The Audit Materiality
Materiality is one of the basic and major concepts of auditing. Auditing and Assurance Standard (AAS) “Audit Materiality”, states that the concept of materiality recognizes that some matters, either individually or in the aggregate, are relatively important for true and fair presentation of the financial information in conformity with recognized accounting policies and practices.
Audit Risk and Materiality:
The relationship between materiality and the audit risk. When conducting an audit, the auditor should consider materiality and its relationship with audit risk. The level of detection risk can be considered only after considering the level of inherent and control risks. While planning an audit, the auditor should keep in mind that the audit risk is to be kept at an acceptably low level. The range, efficiency, efficacy, nature and timing of the procedures performed by the auditor will determine the level (i.e. high or low) of detection risk. . For example, a small omission repeated frequently could have a significant cumulative impact on (for example) the total number of certificates that may be created or the calculation of any annual greenhouse shortfall. Lead auditors seeking further guidance on materiality in greenhouse-related audits should consult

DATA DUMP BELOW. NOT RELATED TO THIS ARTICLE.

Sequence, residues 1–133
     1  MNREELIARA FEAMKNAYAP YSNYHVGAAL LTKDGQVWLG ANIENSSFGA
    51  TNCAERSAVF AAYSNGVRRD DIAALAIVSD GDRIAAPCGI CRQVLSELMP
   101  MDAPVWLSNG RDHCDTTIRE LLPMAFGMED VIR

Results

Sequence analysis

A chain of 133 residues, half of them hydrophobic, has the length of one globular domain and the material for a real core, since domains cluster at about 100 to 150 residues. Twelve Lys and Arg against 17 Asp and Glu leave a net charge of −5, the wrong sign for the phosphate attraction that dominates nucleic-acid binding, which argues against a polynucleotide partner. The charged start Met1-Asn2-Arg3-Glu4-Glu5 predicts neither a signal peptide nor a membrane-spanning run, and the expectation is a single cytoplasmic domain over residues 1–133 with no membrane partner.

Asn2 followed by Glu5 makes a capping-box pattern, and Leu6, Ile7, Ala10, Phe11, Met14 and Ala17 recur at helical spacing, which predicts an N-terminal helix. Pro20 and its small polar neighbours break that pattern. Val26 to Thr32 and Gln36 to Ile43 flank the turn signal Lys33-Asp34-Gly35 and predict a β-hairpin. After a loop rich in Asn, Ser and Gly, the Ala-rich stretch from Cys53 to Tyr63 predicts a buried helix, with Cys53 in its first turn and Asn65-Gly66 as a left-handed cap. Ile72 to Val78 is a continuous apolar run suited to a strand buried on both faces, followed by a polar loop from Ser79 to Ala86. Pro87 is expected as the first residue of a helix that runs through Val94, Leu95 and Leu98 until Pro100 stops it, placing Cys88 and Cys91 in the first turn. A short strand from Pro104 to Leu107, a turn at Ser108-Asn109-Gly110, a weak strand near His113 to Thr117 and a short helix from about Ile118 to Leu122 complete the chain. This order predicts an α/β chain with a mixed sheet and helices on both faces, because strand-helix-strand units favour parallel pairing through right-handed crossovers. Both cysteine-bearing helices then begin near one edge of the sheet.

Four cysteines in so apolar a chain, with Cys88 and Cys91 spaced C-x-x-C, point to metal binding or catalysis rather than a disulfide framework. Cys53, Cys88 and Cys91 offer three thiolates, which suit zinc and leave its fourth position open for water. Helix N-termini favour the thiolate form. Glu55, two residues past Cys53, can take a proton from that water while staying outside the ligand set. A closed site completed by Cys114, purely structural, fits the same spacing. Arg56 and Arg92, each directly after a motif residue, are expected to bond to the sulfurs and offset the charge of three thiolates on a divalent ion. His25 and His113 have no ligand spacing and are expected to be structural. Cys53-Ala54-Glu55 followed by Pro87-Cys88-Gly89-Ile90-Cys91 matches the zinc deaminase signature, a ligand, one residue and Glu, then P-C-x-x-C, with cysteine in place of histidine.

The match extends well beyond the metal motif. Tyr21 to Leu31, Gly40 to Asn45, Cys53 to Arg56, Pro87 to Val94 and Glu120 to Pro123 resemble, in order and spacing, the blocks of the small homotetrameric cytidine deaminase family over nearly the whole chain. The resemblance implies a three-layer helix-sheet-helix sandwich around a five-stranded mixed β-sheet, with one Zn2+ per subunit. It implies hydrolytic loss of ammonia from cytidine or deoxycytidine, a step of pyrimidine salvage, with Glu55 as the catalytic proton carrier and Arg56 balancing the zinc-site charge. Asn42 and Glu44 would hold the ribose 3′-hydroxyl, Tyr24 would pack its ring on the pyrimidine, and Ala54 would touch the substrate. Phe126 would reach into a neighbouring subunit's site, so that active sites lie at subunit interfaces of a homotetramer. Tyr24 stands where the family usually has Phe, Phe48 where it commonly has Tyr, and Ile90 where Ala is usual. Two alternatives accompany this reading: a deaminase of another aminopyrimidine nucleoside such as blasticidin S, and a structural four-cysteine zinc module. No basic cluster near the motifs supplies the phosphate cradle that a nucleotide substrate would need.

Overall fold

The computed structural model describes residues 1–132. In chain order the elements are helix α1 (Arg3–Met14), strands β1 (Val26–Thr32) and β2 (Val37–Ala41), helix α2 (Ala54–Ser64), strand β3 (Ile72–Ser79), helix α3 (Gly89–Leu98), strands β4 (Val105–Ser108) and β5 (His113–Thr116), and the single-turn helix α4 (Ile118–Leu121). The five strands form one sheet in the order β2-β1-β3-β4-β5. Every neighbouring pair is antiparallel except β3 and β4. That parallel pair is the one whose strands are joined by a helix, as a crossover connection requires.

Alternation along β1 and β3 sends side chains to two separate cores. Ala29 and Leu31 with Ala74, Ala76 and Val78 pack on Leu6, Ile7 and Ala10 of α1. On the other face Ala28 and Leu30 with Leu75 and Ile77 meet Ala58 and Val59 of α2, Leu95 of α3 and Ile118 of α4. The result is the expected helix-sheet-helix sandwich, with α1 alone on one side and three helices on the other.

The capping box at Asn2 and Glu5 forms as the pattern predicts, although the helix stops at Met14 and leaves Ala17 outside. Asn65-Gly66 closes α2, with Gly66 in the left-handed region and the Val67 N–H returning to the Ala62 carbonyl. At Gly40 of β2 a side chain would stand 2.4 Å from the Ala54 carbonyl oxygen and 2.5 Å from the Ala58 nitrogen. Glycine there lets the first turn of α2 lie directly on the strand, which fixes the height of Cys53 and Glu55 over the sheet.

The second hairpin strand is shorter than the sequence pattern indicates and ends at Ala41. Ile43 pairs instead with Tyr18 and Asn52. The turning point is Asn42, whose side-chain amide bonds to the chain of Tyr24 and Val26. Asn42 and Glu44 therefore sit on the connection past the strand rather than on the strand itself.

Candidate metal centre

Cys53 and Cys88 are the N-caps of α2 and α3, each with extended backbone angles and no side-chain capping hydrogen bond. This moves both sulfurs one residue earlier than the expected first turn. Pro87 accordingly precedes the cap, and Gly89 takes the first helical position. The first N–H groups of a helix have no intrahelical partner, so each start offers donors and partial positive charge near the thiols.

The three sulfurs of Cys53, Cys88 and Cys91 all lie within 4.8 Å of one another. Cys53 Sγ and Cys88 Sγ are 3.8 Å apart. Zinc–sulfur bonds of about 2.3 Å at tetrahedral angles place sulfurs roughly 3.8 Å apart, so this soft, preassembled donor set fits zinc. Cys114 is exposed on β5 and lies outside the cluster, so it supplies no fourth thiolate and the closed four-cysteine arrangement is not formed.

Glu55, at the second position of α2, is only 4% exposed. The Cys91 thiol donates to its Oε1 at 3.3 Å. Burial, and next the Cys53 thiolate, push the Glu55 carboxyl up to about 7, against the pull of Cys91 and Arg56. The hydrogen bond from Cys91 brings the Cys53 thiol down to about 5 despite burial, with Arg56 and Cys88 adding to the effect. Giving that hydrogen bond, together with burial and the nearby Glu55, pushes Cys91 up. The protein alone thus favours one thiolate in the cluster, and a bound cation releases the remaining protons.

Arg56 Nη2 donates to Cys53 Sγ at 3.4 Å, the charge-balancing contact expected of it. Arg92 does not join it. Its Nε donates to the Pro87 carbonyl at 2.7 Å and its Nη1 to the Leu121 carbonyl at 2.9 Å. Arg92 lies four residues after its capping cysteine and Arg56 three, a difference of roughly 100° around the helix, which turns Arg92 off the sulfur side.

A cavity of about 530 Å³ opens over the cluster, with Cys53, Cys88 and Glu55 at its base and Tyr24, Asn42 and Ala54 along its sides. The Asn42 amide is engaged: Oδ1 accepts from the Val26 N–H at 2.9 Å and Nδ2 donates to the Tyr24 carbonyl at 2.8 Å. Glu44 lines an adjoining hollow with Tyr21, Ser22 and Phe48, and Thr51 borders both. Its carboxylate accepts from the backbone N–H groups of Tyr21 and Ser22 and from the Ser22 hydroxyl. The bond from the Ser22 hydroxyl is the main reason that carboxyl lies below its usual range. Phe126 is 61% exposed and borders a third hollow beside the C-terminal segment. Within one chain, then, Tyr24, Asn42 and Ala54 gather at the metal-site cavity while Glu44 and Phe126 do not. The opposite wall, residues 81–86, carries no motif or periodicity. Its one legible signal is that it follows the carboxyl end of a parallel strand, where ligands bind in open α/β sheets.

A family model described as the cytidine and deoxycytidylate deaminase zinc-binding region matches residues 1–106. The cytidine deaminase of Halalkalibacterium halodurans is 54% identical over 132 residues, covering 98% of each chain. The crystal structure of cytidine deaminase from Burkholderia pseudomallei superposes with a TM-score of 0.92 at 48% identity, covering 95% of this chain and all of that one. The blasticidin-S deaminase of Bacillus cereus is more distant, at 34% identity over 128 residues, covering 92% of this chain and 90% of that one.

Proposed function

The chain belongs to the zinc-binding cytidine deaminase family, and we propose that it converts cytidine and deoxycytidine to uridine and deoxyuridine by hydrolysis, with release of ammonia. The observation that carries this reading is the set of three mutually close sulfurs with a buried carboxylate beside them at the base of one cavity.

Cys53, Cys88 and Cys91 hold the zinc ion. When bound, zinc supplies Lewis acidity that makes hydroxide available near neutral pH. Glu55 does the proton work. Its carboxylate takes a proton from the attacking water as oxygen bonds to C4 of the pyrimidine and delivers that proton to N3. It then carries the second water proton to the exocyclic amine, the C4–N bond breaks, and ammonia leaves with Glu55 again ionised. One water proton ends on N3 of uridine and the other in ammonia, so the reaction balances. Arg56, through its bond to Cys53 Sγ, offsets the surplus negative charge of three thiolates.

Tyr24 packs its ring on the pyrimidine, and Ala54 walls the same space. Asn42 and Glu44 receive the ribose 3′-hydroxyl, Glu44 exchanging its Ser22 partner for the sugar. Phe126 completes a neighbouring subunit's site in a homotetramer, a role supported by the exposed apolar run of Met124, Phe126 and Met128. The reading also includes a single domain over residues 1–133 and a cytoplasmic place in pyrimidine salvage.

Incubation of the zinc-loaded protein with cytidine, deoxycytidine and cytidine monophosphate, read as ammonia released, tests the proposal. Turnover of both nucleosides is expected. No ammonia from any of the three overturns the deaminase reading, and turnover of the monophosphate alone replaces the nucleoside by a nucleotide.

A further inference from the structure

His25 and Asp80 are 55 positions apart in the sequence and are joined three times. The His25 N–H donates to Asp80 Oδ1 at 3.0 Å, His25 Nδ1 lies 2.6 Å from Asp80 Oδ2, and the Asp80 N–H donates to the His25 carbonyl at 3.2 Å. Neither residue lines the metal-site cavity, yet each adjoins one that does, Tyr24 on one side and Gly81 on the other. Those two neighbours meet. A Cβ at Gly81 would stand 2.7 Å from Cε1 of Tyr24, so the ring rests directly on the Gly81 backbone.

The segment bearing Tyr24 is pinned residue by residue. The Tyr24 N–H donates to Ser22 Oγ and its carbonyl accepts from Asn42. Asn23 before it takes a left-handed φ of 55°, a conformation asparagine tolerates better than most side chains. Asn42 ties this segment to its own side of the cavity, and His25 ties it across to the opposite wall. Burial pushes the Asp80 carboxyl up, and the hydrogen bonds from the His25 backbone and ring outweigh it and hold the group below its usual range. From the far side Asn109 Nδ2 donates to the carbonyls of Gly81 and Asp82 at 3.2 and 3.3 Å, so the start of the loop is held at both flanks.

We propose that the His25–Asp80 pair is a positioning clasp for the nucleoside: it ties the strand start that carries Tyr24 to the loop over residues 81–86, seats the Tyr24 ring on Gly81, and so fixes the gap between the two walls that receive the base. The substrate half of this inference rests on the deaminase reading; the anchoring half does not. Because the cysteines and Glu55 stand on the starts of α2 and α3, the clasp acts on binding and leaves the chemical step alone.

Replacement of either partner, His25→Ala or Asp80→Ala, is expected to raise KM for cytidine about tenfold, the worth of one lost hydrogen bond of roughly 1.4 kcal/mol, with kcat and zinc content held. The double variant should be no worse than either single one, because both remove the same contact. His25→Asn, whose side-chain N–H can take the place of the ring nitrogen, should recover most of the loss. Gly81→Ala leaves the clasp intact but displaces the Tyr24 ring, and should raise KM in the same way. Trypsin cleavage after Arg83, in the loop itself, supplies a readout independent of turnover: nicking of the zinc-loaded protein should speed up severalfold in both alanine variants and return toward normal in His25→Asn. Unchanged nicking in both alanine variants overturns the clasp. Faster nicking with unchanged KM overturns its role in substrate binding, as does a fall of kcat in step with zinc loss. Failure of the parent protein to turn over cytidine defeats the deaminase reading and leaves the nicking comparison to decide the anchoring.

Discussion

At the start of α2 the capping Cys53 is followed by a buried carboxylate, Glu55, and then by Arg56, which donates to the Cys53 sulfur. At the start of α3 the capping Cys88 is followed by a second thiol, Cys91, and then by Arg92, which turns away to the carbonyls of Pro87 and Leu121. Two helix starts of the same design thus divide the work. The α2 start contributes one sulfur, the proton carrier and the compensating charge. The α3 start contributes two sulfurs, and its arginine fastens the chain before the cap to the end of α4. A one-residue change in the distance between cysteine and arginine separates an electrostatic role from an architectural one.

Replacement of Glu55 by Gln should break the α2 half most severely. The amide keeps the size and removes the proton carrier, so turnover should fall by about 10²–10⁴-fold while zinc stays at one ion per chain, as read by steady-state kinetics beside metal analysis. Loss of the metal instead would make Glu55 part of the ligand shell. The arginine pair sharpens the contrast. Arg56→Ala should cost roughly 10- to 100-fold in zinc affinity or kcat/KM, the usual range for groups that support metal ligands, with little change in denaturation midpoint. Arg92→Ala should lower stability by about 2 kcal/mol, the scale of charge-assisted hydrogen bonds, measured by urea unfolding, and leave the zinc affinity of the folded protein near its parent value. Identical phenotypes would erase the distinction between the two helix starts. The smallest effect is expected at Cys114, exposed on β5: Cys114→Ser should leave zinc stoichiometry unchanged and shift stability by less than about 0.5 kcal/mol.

The auditor should determine Audit risk and materiality affect the nature, timing, and extent of auditing procedures, also a materiality level for the financial statements well as the evaluation of those results. They affect the application of generally accepted auditing standards. (GAAP)In particular, audit risk and materiality affect the standard of fieldwork and reporting.
Determining a materiality level for the financial statements taken as a whole helps guide the auditor’s judgments in identifying and assessing the risks of material misstatements and
In planning the nature, timing, and extent of further audit procedures.
The auditor should plan the audit so that audit risk is limited to a level acceptable for expressing an opinion on the financial statements, based on the auditor’s professional judgment. Audit risk may be assessed in quantitative or qualitative terms.
Audit risk always exists. Even when audits are well planned and carefully performed, an Auditor is at best only able to obtain reasonable assurance. The nature of audit evidence is
Such that absolute assurance that material misstatements are detected is not possible. Furthermore the characteristics of fraud make it impossible to obtain absolute assurance.
Other court cases
When concluding as to whether the effect of misstatements, individually or in the aggregate, is material, an auditor should consider the nature and amount of the misstatements in relation to the nature and amount of items in the financial statements under audit. For example, an amount that is material to the financial statements of one entity may not be material to the financial statements of another entity of a different size or nature. Also, what is material to the financial statements of a particular entity might change from one period to another.
The general consensus appears to be that materiality would affect the judgment of an average informed user about financial statements.
1. Have appropriate …